Nordic countries lead data center growth in Western Europe
The Nordic countries in Europe are leading data center "white space" growth in Europe thanks to major Internet companies taking their business over there because of financial incentives and mature infrastructure.
Recent research has shown that the Nordic countries had 22% growth in data center "white space" (the IT equipment area) over the last year -- the largest percentage increase of all Western European and Scandinavian countries.
According to Nicola Hayes, md of DCD Intelligence the research arm of DatacenterDynamics, "Internet giants like Yahoo!, Google and recently Facebook -- plus many other companies -- have flocked to the Nordics. They have been drawn by the combination of financial incentives, mature infrastructure, cool climate, cheap and reliable energy, and a skilled workforce. There has also been a significant increase in the amount of outsourcing in this region," she said.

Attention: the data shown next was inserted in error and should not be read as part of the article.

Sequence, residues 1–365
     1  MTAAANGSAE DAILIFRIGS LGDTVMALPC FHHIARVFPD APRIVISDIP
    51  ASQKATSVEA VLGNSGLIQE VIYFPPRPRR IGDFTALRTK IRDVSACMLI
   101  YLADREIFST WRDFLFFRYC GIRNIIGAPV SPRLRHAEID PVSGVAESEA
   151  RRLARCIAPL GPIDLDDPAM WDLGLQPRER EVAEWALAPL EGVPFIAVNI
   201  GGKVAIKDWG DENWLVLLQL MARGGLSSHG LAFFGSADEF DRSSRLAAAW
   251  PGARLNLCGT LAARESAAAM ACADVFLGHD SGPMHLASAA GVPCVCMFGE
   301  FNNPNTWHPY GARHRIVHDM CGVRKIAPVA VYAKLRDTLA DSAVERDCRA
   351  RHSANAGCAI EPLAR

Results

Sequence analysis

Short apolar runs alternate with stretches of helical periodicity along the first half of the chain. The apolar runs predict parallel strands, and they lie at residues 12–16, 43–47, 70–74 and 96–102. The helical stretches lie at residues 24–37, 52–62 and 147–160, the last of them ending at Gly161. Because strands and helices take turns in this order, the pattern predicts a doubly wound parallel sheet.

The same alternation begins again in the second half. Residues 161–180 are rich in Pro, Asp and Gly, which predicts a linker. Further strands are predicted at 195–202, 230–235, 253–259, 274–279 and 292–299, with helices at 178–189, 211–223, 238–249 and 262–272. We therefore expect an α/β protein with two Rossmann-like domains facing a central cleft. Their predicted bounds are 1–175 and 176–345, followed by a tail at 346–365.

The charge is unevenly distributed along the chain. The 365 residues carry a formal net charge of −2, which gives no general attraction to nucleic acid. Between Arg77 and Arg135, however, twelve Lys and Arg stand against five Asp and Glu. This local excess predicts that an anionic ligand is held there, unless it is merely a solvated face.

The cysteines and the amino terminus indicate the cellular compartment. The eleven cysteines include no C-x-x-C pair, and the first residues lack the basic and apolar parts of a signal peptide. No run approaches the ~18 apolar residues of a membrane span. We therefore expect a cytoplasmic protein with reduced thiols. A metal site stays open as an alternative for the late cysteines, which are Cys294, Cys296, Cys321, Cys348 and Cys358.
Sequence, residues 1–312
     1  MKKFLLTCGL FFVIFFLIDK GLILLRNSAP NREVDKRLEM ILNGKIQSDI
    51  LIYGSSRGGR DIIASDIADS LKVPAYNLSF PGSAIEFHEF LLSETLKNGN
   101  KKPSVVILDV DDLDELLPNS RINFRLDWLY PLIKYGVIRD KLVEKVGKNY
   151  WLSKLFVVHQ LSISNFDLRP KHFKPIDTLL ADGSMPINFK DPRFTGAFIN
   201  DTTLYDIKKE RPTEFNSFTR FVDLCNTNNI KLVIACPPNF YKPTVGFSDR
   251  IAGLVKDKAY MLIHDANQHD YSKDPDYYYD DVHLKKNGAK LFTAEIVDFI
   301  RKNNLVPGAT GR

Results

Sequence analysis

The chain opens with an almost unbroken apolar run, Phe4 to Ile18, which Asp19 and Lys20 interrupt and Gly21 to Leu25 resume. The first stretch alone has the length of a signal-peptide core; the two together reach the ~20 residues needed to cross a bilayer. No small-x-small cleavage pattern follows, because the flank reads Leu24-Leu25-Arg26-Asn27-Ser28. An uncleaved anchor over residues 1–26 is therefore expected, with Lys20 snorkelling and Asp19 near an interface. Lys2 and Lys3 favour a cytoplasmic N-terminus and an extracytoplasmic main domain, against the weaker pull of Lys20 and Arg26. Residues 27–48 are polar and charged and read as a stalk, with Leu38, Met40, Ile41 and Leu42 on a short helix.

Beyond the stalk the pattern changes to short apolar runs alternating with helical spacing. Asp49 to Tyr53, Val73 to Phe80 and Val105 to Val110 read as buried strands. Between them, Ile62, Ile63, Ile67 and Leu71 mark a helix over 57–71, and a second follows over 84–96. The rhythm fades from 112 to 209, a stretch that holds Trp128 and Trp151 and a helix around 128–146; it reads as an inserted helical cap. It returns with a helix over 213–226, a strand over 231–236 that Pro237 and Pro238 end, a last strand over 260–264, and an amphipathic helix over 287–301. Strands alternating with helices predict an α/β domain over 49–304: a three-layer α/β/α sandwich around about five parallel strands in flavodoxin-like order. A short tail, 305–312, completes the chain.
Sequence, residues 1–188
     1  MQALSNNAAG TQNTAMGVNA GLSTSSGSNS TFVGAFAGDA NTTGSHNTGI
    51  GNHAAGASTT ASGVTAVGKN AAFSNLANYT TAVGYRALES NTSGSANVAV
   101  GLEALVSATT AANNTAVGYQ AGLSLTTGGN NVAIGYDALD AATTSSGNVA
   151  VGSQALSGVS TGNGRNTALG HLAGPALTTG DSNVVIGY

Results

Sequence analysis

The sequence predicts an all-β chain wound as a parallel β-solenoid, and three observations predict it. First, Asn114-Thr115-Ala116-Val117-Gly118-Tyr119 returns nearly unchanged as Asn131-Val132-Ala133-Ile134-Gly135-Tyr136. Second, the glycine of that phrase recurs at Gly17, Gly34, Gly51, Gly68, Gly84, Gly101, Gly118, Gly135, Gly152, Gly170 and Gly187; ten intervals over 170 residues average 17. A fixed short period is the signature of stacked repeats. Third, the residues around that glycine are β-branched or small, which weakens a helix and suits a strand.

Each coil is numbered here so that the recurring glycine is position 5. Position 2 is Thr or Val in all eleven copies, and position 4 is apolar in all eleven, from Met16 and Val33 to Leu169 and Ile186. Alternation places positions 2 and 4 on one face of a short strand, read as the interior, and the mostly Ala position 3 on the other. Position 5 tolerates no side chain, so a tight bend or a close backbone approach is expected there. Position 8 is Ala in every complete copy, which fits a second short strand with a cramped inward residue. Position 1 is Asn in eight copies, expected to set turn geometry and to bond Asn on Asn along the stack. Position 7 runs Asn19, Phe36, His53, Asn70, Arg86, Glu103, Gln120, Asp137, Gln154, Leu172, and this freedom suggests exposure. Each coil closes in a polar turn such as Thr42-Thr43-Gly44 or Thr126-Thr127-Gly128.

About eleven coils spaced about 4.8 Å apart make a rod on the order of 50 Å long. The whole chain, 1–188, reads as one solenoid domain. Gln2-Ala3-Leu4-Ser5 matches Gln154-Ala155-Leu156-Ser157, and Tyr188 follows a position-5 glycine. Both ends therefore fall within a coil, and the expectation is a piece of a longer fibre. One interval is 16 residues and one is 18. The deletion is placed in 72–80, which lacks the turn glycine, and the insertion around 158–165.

"Countries in the Nordic region have established themselves as leading examples of best practice in the development of ICT infrastructure. And publicity from the establishment of Nordics-based Data Centers by the internet giants has helped to drive interest in this market on an international scale," she said.
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Annual Salary Survey
Before the calendar turned, 2016 already had the makings of a pivotal year for manufacturing, and for the world.
There were the big events for the year, including the United States as Partner Country at Hannover Messe in April and the 2016 International Manufacturing Technology Show in Chicago in September. There's also the matter of the U.S. presidential elections in November, which promise to shape policy in manufacturing for years to come.
But the year started with global economic turmoil, as a slowdown in Chinese manufacturing triggered a worldwide stock hiccup that sent values plummeting. The continued plunge in world oil prices has resulted in a slowdown in exploration and, by extension, the manufacture of exploration equipment.
Read more: 2015 Salary Survey